From medical school to the battlefield, he wound up in Siberia and China before America
I never met my paternal grandfather, Sigmund Becker, who died a few years before I was born, never having fulfilled the great promise of a bright medical career that slipped through his fingers during three fateful weeks in 1914.
In his memoir, Making Do (Z4 Editions, 2017), my father, Johnny Becker (born Meyer John Becker), described my grandfather as “vocationally and intellectually dislocated.” He said that my grandfather was the “’Wunderkind’ of his European village,” who “would pay dearly for the rest of his life” for enlisting in the Austro-Hungarian army during World War I.
This description of my grandfather had always intrigued me. Over the years, I have been able to fill in some of the pieces of the puzzle that defined my grandfather’s life and to better understand his aspirations and frustrations, as well as the calamitous world events he miraculously navigated.
Uszer, Zisha and Sigmund
The oldest of six children, my grandfather was born on December 30, 1890, as Uszer (a Yiddish variant of Asher) Zusie Becker. His family called him by the more endearing Yiddish diminutive Zisha, and later in life, he adopted the name Sigmund. He grew up under relatively comfortable conditions in the small village of Kopyczyńce (present-day Kopychintsy, Ukraine), outside Tarnopol (now Ternopil, Ukraine).
His father, Meyer, a sought-after estate overseer, managed the large agricultural estates of wealthy noblemen and resided with his family on whatever estate he was managing at the time. Depending on the contract, he could manage an estate for up to 10 years or more.
My grandfather was an excellent student. He attended gymnasium in Lemberg, followed by medical school at the University of Lemberg, where he studied from about 1908 to 1914. While two of his younger siblings immigrated to America in 1913, my grandfather was nearing the end of his medical studies at that time, with a very promising future just around the corner.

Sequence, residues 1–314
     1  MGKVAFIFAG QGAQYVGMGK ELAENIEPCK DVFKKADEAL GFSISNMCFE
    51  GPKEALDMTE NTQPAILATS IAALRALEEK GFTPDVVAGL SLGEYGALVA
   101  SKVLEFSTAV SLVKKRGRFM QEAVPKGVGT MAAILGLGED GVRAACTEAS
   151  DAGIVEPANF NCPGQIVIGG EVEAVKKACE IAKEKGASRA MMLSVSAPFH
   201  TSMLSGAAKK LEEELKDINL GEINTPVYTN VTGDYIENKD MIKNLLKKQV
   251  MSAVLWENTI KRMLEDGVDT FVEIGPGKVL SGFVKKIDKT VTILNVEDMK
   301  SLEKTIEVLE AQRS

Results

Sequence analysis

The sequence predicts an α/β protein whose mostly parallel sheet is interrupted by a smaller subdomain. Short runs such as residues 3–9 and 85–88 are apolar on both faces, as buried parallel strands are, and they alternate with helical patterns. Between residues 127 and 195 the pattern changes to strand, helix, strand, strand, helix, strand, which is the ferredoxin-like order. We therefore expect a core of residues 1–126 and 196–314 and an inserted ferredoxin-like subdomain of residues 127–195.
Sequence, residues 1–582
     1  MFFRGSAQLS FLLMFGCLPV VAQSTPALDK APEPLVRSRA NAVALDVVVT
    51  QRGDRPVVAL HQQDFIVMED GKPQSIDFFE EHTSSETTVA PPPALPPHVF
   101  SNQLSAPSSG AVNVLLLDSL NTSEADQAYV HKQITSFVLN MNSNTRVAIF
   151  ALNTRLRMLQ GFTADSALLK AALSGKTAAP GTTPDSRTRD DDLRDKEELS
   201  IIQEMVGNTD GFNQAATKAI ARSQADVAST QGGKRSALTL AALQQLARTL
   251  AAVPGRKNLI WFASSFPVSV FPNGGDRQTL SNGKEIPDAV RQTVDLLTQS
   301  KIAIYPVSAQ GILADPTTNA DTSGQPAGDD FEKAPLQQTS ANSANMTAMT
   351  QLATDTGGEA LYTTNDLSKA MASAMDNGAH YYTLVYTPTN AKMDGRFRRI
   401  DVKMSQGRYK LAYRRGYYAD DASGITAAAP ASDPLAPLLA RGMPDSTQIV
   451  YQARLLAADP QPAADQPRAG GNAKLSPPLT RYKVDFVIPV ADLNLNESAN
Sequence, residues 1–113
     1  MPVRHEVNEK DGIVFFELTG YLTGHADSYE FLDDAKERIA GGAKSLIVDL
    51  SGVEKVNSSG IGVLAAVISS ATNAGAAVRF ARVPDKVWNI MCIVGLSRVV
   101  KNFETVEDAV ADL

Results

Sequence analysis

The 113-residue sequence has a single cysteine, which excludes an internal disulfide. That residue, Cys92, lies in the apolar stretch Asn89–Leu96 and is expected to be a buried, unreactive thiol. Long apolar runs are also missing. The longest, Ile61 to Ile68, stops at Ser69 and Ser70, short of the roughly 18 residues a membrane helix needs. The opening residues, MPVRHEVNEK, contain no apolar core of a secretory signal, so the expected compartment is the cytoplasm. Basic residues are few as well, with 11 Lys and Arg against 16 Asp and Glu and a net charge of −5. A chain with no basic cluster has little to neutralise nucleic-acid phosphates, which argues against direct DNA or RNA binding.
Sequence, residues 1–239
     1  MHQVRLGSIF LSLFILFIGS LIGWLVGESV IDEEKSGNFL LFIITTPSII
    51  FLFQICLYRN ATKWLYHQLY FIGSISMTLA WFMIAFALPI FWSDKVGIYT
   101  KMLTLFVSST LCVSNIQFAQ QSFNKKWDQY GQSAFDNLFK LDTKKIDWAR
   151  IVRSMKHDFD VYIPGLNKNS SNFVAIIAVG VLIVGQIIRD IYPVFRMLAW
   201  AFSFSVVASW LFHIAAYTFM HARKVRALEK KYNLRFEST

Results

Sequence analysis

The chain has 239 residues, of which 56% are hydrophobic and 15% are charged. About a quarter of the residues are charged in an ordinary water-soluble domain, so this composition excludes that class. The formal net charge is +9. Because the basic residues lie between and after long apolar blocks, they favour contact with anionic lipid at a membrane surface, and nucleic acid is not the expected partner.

My grandfather interrupted his studies in order to enlist in the military as a medical officer. By volunteering, he would have only had to serve for one year, rather than be conscripted for three—he had no idea, of course, that that one year was about to turn into four catastrophic years.
The Becker family had enjoyed a relatively idyllic life in a liberal, multi-ethnic Austrian society.
However, all this would change dramatically in early August 1914. On July 28, the Austro-Hungarian Empire declared war, one month after the assassination of Archduke Franz Ferdinand, heir to the Austrian throne.
All existing military units were immediately mobilized. Although my grandfather’s unit had probably not even completed training yet, they were likely shipped out to a garrison town near the Russian border.
Never expecting the new war to be literally at their doorstep, the Becker family woke up one morning during the first week of August 1914 to find soldiers hiding behind bundles of wheat and shooting at one another.
Both armies had infiltrated in the middle of the night and had taken up their respective positions.
An Austrian soldier warned the family to go into the cellar as it was dangerous to stay in the house. According to a cousin who described the scene to me 61 years later, as they were heading into the cellar, a shell exploded on the steps, tearing off their clothes and leaving most of the women deaf for a week.
Fighting continued during the day, but not at night. After three days, an officer advised the family to leave the estate because it was going to be a long and bloody battle. Before leaving, they encountered a Cossack who demanded to know where they hid their gold and silver. When my great-grandfather, Meyer, refused to answer, one of the Cossacks struck him in the stomach with a shovel.